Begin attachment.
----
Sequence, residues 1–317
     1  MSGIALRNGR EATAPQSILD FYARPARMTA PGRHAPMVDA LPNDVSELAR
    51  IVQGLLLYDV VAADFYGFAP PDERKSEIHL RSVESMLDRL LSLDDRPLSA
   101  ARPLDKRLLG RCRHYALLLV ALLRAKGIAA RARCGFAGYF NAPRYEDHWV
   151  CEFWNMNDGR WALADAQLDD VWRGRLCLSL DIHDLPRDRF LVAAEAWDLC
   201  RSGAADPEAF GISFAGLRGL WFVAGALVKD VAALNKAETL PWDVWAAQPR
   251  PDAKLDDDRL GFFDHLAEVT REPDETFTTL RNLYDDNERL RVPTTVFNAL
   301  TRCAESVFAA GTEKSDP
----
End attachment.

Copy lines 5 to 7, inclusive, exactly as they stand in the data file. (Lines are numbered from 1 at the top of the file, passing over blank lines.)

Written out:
   151  CEFWNMNDGR WALADAQLDD VWRGRLCLSL DIHDLPRDRF LVAAEAWDLC
   201  RSGAADPEAF GISFAGLRGL WFVAGALVKD VAALNKAETL PWDVWAAQPR
   251  PDAKLDDDRL GFFDHLAEVT REPDETFTTL RNLYDDNERL RVPTTVFNAL